“For us, that’s where we come with a different mentality, we want to put our energy in and resources behind progressing the Ring of Fire, there will be more discoveries. It is hugely prospective, which is why BHP is interested in the area.”
Giacovazzi said if shareholders choose Wyloo, they’ll see a company with a different management style as evidenced by their concept to develop Eagle’s Nest as a zero emissions mine, award $100 million in contracts to First Nation businesses, and devote $25 million to study battery metal processing opportunities in Ontario.
“We want to see this to be a success,” said Giacovazzi, “and there’s no stronger endorsement than our chairman offering to step forward to chair Noront.”
“I don’t think I can stress enough the energy that Andrew will bring to the project is immense. He’s been hugely successful at Fortescue (Metals) and he’s going to bring that same mentality to Noront.”
On the First Nations consultation front, Giacovazzi said they regret not being having a team on the ground for face-to-face discussions, but the pandemic has prevented them from flying to Canada.
“That’s probably the biggest shame out of this whole process, that we’ve had to do everything virtually. He urges their Indigenous partners to ignore the noise and focus instead on building the relationship.
“We will always approach our First Nation partners with a lot of respect and lot of patience. Building our relationship with them is the most important thing to us. We’re trying not to let the whole BHP-Wyloo bidding situation intervene with the conversations we’re having with them. “
GM extends EV Bolt production halt to mid-October
WASHINGTON (Reuters) –General Motors Co said on Thursday it will extend a shutdown of a Michigan assembly plant to mid-October following a new recall of its Chevrolet Bolt electric vehicles over battery issues after 12 reported fires.
The largest U.S. automaker said the extension of the production halt at its Orion Assembly plant will go through at least Oct. 15. GM also said it was cutting production at six other North American assembly plants because of the ongoing semiconductor chips shortage.
GM said it will not resume Bolt production or sales until it is satisfied that the recall remedy will address the fire risk issue. It said Thursday it had reports of 12 fires and three injuries.
GM shares were largely unchanged in late trading.
GM in August widened its recall of the Bolt to more than 140,000 vehicles to replace battery modules, at a cost now estimated at $1.8 billion. The automaker said it would seek reimbursement from battery supplier LG.
It is not clear how long it will take GM to obtain replacement battery modules for recalled vehicles and whether it will have diagnostic software that will allow it to certify some modules do not need replacing.
GM said the additional three-week production halt at its Bolt plant comes as it continues “to work with our supplier to update manufacturing processes.”
Earlier this month GM was forced to halt production at most North American assembly plants temporarily because of the chips shortage.
The new production cuts include a Lansing, Michigan, plant that builds the Chevrolet Traverse and the Buick Enclave.
GM is also cutting production of SUVs like the Chevrolet Equinox, Blazer and GMC Terrain at plants in Mexico and Canada. It will also make further production cuts at Michigan and Kansas plants that make Chevrolet Camaro and Malibu cars.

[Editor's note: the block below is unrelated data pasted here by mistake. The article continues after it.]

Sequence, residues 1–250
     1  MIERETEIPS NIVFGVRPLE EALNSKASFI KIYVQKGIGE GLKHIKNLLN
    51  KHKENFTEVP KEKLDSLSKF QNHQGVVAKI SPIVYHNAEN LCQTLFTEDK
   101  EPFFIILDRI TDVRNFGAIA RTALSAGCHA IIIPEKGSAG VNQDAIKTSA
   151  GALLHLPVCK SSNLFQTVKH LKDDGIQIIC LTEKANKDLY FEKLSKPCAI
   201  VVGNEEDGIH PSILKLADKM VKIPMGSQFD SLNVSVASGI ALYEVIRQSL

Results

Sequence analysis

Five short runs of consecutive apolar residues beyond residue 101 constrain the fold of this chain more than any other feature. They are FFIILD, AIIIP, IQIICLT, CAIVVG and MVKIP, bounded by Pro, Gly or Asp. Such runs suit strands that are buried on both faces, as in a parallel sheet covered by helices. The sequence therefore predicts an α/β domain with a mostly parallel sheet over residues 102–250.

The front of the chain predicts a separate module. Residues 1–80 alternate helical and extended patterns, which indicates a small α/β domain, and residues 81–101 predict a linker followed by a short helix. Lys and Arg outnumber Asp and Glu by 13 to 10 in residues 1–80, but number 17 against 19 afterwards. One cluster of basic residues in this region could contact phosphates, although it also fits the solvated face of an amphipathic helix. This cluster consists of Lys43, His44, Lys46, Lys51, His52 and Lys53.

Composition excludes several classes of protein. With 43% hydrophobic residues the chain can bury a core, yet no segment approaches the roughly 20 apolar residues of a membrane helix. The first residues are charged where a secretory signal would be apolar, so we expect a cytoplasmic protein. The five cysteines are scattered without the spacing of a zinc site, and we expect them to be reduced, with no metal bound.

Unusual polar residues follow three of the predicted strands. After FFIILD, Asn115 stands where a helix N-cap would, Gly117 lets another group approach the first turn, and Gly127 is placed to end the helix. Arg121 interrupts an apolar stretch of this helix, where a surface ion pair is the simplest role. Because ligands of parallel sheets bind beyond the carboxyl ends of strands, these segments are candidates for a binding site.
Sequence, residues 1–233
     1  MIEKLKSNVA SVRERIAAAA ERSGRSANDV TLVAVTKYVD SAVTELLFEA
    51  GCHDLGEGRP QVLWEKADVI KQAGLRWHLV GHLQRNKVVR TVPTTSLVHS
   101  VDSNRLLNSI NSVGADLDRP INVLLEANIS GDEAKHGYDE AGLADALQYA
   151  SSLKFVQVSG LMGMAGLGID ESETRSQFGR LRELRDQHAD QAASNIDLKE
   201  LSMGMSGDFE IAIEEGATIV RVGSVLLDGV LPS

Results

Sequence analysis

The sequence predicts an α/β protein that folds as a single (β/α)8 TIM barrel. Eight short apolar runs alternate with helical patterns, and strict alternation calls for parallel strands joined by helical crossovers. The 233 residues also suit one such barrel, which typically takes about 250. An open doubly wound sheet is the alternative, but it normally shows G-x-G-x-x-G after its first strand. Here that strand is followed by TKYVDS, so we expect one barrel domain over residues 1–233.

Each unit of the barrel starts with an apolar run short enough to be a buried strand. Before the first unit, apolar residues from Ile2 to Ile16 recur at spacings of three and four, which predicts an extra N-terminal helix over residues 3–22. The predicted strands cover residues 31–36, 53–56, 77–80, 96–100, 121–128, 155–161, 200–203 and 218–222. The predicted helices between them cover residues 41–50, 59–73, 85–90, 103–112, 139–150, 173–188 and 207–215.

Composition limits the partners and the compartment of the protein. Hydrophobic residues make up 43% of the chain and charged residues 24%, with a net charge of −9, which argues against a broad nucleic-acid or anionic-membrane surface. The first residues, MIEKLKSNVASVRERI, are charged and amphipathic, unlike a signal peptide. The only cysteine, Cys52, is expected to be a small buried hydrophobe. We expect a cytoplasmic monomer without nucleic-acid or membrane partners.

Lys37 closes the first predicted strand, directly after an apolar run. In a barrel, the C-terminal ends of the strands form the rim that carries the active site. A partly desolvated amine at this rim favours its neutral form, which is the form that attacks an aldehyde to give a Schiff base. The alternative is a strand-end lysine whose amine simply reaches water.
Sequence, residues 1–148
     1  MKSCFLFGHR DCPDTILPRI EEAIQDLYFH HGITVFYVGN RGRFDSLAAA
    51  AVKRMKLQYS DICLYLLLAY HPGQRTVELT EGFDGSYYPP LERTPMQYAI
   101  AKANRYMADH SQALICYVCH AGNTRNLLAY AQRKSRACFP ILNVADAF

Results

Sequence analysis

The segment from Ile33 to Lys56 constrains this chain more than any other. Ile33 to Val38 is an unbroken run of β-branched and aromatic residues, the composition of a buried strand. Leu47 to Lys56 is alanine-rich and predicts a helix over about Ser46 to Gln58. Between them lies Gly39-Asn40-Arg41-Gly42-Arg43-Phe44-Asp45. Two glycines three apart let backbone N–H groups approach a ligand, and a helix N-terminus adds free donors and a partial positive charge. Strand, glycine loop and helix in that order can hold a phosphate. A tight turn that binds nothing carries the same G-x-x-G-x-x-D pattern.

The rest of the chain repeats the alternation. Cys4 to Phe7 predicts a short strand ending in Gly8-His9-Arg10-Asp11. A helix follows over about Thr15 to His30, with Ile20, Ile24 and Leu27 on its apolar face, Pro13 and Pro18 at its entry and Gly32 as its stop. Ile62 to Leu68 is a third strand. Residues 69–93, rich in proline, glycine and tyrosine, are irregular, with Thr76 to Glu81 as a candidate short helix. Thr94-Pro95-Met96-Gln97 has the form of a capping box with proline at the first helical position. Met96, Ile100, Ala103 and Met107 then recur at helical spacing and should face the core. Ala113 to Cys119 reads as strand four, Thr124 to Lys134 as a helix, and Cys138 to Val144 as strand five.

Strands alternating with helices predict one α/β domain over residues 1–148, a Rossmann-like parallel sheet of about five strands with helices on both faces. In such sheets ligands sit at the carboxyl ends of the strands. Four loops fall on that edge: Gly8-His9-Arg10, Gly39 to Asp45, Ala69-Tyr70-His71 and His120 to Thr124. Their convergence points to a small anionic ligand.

The Commerce Department said on Wednesday it plans a Sept. 23 White House meeting with automakers and others “to discuss the ongoing global chip shortage, the impact the Delta variant has had on global semiconductor supply chains and the industry’s progress toward improving transparency.”
(Reporting by David Shepardson; Editing by Dan Grebler)
Present Yourself as a ‘No Brainer’ to Hire
A few jobs back, HR had scheduled four interviews, throughout my day, for a position I had open. The first interview went “okay.” The second candidate, however, impressed me so much I hired him on the spot. I instructed HR to cancel the remaining two interviews.
The second candidate did something I rarely see—they presented themselves as a ‘no brainer’ to hire.
- Their resume was result-oriented (Not a list of opinions — “I’m a team player,” “detail-oriented,” “hard-working,” etc.).
- They dressed as if they were already employed with my company. (In this case, a global multi-brand tour operator.)
- They clearly articulated their value.
- They told me several STAR (Situation. Task. Action. Results.) stories I could envision and relate to.
If your resume (skills and experience) impressed the employer, and after reading your LinkedIn profile to determine if you’re interview-worthy, you’ll be invited to an interview—the first most likely being via Zoom or Skype.
Impressing someone on paper and via your LinkedIn profile has its challenges, especially since you’re competing against many other candidates just as qualified as you. However, where the rubber meets the road is when you’re sitting face-to-face with the hiring manager.
Presenting yourself in a way your interviewer can envision you fitting with the company’s culture and the current team, as well as gives them confidence you’ll hit the ground running, will substantially increase your odds of receiving a nod of approval.
Regardless of whether you’re interviewing via video, sitting in a boardroom, a coffee shop or the interviewer’s office, focus on the following:
- Your attire
- Your body language
- Articulating how you meet the employer’s needs and will solve the problems the position exists to solve
- Being mindful of your interviewer’s time.
As I’ve mentioned in a previous column, being deemed “a fit” supersedes your experience and qualifications. Your image is paramount in giving the impression you’re “one of them.”